Isherwood Column: The Junco
By Justin Isherwood
Junco is not a good name for a bird. No panache like cardinal or blue jay or flicker. Besides, who knows what a junco is?
It strikes me there is to this junco business a legal suit awaiting some aspiring lawyer to pursue in defense of ecology, on the grounds of a species being fairly named. To cite but a few: the hedgehog is neither a pig nor into finance. The booby doesn’t come close to looking like one, and for that matter neither does a titmouse. Wombat isn’t much better. An animal with a name like pieza isn’t like to survive, never mind it’s a mythicomyiid fly. There is on a Pacific island a snail called the Bah humbug; this has got to be ecologically liable. Wart hogs can easily sue for defamation. And that little matter of a small-statured donkey being called an ass by the Bible.
Junco is a depraved little name to give to one of the most cheerful and loyal winter residents of the bird feeder. This is not only the most cosmopolitan bird, it is entirely willing to share space with other residents at the feeder. To point out that blue jays won’t feed with mourning doves, cardinals prefer a similar exclusivity. It is my observation this racial discord among birds is the principle interruption of their winter feeding, to the end they are constantly jockeying for table space, incessantly going back and forth as if they never learned the lesson of the threshing crew. Where the washed and the unwashed commune in the universal splendor of chicken and biscuit, and wage the dinner-plate accordingly. An example of the most perfect heaven ever witnessed and cheap besides.
Why a junco is called a junco is a bit of a mystery. There is a shrub in Spain, a rush-type is called “junco”. The bird does not particularly frequent shrubs, if maybe some think that gray-to-black over-body and rather dull breast feathers is a shrubby appearance.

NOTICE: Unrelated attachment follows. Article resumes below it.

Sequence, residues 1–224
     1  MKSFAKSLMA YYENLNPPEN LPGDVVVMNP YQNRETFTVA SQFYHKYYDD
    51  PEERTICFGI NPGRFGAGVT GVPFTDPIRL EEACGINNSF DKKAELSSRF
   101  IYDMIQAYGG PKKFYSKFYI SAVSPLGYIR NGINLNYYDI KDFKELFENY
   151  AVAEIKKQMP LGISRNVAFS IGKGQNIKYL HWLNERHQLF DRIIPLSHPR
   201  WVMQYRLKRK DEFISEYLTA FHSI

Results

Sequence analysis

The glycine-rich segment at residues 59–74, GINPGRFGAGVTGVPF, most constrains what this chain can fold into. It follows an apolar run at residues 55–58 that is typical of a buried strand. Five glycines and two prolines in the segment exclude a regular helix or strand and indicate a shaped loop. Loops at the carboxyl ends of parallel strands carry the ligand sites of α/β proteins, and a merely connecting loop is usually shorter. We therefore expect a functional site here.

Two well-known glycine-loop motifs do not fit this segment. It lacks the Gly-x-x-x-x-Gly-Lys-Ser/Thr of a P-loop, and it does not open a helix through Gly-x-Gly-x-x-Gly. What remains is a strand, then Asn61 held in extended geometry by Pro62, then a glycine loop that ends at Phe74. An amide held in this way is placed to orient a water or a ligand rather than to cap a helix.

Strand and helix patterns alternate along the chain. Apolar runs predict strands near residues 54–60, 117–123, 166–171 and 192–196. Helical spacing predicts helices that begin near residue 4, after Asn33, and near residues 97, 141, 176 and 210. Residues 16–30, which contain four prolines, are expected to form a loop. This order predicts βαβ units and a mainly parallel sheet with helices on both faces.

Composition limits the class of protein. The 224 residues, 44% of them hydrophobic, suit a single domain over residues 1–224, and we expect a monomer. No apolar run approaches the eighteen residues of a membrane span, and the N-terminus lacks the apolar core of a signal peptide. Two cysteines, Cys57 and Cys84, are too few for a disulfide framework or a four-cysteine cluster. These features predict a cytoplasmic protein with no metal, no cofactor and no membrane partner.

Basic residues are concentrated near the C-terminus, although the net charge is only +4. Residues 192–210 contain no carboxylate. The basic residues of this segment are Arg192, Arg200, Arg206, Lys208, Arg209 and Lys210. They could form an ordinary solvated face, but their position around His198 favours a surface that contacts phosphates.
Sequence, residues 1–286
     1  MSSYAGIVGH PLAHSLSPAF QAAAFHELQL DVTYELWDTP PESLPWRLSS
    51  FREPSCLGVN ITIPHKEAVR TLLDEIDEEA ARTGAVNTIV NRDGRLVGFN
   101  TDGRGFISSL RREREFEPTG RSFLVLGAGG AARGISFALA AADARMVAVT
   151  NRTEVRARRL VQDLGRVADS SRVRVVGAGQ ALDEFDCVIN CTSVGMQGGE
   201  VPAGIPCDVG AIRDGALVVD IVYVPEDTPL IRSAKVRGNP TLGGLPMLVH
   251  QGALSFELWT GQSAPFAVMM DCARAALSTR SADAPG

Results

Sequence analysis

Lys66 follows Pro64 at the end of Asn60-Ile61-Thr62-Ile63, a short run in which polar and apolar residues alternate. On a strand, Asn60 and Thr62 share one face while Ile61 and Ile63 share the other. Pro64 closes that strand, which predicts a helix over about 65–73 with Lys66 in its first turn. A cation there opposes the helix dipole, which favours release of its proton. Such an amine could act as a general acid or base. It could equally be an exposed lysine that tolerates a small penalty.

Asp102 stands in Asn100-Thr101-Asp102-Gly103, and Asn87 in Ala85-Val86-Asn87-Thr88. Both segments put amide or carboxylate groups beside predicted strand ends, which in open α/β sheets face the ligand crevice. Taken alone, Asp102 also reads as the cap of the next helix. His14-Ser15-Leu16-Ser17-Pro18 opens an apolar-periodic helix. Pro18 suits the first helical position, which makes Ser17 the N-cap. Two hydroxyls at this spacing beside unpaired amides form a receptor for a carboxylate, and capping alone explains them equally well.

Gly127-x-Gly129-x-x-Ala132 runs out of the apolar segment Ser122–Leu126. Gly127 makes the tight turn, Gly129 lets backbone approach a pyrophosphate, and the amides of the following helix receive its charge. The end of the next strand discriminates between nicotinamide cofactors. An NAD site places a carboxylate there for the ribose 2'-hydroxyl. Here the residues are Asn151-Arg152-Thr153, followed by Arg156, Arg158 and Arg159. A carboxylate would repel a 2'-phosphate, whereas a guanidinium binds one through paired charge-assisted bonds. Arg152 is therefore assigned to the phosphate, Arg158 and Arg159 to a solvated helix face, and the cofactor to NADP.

Juncos are called snow birds in some climes, not Wisconsin. Junco’s pattern of habitation is consistent with the coming of winter. As a resident of the boreal, the junco simply shifts territory a few degrees south, unlike the great migratory herd, all who have antebellum tendencies, Wisconsin juncos mostly stay put. If with winter they are more visible, like lumps of coal scattered from a naughty Santa’s sleigh.
Egalitarian is the junco, habituated to winter feeders, if a bird feeder might not gain its cardinals and jays, it will surely entertain juncos. This hired man species cannot be insulted by the wrong location or a short menu.
Juncos are clean-up birds, more often on the ground as perched on the feeder, they enjoy their own company. There is no such thing as one junco, if you have one you have the whole frat house of juncos. Not a Greek fraternity if more the science kind, for juncos are quiet, energetic, studious. And quite adequate weather forecasters, when the wind turns and the sky falls juncos take cover not to be seen in mob form until the blow is over. And then they descend out of the conifers as ready as rain, as if to signal it’s time to go shovel. Juncos are among the longer-lived birds, not uncommon to 11 years. They survive winter by adding 30% by weight of down feathers. The dark eyed junco has five major divisions; the gray headed, the Oregon, the pink-sided, the slate, the white winged. The Guadalupe junco of Mexico is severely endangered , only a hundred believed to be left.
With the spring the junco’s territorial song can provoke flashback in Vietnam veterans, their intense chipping at the same rate of fire as an AK-47. No. It won’t do to call the Junco the AK-47.